Weekly output: T-Mobile’s IoT ambitions, holopresence, miles-and-points trip search, Xperi/TiVo earnings, Russia vs. Facebook

BARCELONA–I’m back in my favorite city in Spain for the first time since 2019 for the wireless-industry show formerly known as Mobile World Congress, having traveled here mostly on airfare I paid late that year and have since had sitting around as a pandemic-postponed travel credit.

Light Reading T-IoT post2/21/2022: T-Mobile venture aims to bring ‘uncarrier’ simplicity to enterprise IoT, Light Reading

I wrote up news of a T-Mobile venture into offering enterprise and government Internet-of-Things services.

2/23/2022: Your Holopresence Boss Will See You Now, PCMag

A rare in-person demonstration led to this report about a Toronto firm’s hologram-esque display technology.

2/23/2022: This Flight-Finding Site Simplifies the Complex Miles-and-Points Game, PCMag

I’d like to think I’ve learned a thing or two about using frequent-traveler miles and points, but testing out Point.Me, a subscription-required site from some of the people behind the travel blog One Mile at a Time, expanded my knowledge. You may find it helpful to read assessments of this site from two other travel blogs I regularly read, View from the Wing and Live and Let’s Fly.

2/23/2022: Xperi looks to skip ahead to an IP spinoff and TVs running TiVo Stream OS, FierceVideo

I wrote up the quarterly earnings of TiVo’s parent firm Xperi.

2/25/2022: Russia ‘Partially Restricts’ Facebook Access as Punishment, PCMag

Context matters in a story. So in this post about Russia’s reaction to Facebook continuing its limited fact-checking efforts against four state-influenced media outlets, I reminded readers that Russia’s government has been fond of using Facebook as a disinformation machine–and that it’s repeatedly leaned on Facebook and other U.S. tech giants to quash speech that Vladimir Putin’s dictatorial regime doesn’t endorse.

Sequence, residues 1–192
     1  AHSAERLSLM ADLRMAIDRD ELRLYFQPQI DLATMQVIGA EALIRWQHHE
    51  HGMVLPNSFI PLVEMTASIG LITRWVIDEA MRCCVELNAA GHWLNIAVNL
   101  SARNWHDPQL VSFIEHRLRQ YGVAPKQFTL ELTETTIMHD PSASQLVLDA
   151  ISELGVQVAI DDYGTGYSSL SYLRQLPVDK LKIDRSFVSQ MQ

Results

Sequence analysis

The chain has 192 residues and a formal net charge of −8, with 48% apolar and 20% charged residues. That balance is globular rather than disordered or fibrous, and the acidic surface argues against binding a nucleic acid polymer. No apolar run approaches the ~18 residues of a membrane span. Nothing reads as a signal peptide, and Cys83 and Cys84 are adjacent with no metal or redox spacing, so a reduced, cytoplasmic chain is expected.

Memo to frequent-traveler programs: Kids shouldn’t need their own e-mail addresses

Our almost-six-year-old is already in multiple marketing databases, and it’s all my fault: Once our daughter couldn’t depart with us for free, we started signing her up for frequent-travel programs. The price of miles and points are already baked into the tickets we buy for her, so we might as well take part–and besides, you’ll never hit million-miler status if you don’t start sometime.

JetBlue River Visual viewBut tending these accounts has been more work than I imagined, because some companies have a hard time grasping that children represent a special group of customers who can’t be expected to have their own e-mail addresses.

At first I thought I’d solved this problem with “sub-addressing”creating a new e-mail address on my existing Gmail account by adding a plus sign and additional text to my username. It’s an Internet standard, and I had no issues creating accounts for our daughter at United Airlines, JetBlue, American Airlines, and Amtrak with a “plus-ed” address.

But when I tried logging into our daughter’s United and JetBlue accounts a week ago and was greeted with various errors, I saw that both airlines had stopped accepting sub-addressed e-mails.

The problem was worse at JetBlue, since your TrueBlue ID is your e-mail address. I had to call and provide our kid’s account number and the no-longer-accepted e-mail address; the rep told me she needed her own e-mail address but then accepted a version of my Gmail account with a dot in the middle of my username. It’s weird to have to go through such a workaround when JetBlue’s site has a separate workflow to create a child account.

At United, I could change her e-mail to a dotted version of my Gmail handle after logging in, since MileagePlus account numbers double as usernames. United’s Twitter account then told me I could have put in my own e-mail for her account from the start. I would not have guessed that, since UA’s account-opening UX assumes you’re a grownup–and the e-mails sent to our kid suggesting she jet off to the likes of Australia, Brazil and Israel don’t exactly speak to the under-10 demographic.

Meanwhile, Amtrak and American Airlines still seem to tolerate plus-ed e-mail addresses. (I can’t speak to Delta, as that airline’s network doesn’t work for us.) But after the last week, I won’t be surprised if our little one gets unexpectedly locked out of either account; I just hope I don’t have to spend too much time on the phone to fix that problem.